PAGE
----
Toronto's Historical Plaques
Discover Toronto's history as told through its plaques
2004 - Now in our 13th Year - 2017
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Photo by the City of Toronto - Posted September, 2011
Photo and transcription by contributor Wayne Adam - Posted September, 2011
Photo Source - Wikipedia
Attached to this eastbound St. Clair Avenue West transit shelter at Spadina Avenue is this City of Toronto plaque. Here's what it says:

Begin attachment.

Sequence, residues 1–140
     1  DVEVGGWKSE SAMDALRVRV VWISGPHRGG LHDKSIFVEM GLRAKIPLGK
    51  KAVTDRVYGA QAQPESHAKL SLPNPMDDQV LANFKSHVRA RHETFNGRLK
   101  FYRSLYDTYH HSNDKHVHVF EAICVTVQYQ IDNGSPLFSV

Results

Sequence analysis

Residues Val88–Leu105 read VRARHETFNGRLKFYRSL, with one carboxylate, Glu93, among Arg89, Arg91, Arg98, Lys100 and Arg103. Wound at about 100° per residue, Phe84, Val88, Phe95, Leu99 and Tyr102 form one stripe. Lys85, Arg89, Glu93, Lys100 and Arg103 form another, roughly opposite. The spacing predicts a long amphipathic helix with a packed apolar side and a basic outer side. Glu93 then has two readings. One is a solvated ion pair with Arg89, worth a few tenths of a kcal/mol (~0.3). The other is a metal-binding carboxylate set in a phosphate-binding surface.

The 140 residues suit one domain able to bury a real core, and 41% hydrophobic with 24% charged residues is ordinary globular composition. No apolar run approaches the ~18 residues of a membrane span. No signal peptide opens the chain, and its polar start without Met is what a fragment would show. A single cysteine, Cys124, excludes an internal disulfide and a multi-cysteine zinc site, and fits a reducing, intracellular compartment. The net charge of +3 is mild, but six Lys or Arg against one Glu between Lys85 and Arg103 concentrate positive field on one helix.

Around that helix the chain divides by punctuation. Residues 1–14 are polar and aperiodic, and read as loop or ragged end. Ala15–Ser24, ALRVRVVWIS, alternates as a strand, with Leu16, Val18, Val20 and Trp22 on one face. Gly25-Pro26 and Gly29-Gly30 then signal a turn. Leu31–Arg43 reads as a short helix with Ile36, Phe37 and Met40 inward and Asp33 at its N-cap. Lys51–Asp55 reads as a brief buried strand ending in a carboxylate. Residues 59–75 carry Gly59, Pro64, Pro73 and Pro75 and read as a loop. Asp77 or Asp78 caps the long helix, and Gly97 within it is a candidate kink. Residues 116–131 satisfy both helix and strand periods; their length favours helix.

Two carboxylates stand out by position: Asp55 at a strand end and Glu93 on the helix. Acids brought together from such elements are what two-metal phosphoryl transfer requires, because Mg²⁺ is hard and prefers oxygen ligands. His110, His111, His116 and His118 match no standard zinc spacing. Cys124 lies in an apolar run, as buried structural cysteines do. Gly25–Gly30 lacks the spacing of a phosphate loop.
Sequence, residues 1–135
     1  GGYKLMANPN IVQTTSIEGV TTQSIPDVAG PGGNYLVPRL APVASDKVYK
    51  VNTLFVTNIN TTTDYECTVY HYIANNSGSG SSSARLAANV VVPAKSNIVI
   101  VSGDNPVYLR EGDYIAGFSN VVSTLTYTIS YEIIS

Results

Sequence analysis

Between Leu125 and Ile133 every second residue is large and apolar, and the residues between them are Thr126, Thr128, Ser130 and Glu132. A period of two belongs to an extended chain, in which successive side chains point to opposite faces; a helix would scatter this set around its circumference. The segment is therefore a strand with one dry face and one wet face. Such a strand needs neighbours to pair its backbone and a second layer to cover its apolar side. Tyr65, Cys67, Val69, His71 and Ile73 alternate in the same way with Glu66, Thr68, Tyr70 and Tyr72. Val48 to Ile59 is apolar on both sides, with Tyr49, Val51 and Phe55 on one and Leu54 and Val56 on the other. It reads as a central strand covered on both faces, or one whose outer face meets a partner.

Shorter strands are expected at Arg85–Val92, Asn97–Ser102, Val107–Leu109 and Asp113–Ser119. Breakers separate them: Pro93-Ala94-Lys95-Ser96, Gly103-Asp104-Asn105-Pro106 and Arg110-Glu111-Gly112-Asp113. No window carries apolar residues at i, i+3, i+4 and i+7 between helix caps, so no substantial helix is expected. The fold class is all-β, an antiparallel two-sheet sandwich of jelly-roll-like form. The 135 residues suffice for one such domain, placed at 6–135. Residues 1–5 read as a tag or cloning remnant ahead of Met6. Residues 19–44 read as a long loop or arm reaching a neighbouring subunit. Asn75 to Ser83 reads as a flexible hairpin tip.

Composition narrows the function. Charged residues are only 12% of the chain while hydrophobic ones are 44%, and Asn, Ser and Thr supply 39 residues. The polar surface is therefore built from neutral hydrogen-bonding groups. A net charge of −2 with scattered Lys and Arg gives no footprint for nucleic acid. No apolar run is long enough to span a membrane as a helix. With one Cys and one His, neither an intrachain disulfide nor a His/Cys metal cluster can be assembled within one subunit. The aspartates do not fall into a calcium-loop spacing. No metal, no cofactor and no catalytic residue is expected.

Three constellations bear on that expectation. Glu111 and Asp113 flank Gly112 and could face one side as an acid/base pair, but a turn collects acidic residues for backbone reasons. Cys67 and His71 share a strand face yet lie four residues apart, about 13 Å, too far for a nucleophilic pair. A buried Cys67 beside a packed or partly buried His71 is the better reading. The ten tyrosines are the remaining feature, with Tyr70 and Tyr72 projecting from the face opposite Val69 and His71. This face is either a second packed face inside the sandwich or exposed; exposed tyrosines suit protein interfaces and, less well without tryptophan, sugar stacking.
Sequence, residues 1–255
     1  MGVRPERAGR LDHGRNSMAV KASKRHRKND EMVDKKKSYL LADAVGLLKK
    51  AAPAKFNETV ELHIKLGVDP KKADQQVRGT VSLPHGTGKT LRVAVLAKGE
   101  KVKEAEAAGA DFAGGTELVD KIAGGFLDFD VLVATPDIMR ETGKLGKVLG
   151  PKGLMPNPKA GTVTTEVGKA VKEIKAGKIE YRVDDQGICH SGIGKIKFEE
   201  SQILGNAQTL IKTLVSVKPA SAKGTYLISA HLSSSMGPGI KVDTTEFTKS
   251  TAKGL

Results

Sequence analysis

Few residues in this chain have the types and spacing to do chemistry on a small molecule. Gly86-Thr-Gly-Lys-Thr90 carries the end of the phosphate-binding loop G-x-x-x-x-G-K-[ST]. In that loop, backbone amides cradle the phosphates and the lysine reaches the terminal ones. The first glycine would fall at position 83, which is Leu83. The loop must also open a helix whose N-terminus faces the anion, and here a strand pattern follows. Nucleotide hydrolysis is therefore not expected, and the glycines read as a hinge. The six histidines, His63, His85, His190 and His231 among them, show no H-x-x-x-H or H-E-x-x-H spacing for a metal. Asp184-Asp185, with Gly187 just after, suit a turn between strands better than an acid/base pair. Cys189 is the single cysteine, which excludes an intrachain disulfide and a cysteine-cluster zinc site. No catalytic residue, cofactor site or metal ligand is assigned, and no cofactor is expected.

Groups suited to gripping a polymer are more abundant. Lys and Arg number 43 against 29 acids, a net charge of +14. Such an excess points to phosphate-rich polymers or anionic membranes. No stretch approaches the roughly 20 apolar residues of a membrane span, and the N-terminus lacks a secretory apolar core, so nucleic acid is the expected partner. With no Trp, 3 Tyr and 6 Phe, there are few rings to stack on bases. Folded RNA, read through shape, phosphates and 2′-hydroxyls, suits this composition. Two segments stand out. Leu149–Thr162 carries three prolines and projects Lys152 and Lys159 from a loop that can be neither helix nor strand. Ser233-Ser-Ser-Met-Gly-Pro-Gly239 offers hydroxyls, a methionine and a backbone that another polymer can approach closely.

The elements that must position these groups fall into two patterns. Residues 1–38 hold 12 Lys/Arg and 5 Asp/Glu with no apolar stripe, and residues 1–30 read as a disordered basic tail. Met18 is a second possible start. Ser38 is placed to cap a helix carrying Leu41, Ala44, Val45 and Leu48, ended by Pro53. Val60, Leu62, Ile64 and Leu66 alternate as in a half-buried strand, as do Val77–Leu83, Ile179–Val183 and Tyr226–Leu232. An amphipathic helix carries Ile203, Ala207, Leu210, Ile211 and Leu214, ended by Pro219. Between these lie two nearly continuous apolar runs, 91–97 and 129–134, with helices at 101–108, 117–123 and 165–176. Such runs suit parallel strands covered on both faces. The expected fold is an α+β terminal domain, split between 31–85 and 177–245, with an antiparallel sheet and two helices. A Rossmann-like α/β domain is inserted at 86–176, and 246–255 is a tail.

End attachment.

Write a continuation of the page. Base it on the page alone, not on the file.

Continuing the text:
Casa Loma was thought to be pretentious, confused and not a "real" castle. It did not "fit in" with Toronto, and, in addition to the Norman and Scottish style of its towers, there were English, Irish, Italian and Rhenish architectural influences. One criticism cites Casa Loma's architecture as a protest against the ugliness of the Industrial Age. Another states that it reflects the 18th century movement of Gothic Imagination, which grew from academics and architects who rejected the style of "perfection" found in Greek and Roman architecture. Gothic literature, such as Walpole's The "Castle of Otronto", strongly affected gothic architecture, it evoked sentiments of the time: a pervading sense of fear, melodrama, high romance, the exotic, supernatural horror and irrationality. In this regard, Casa Loma is not fake, but a true work of fiction.
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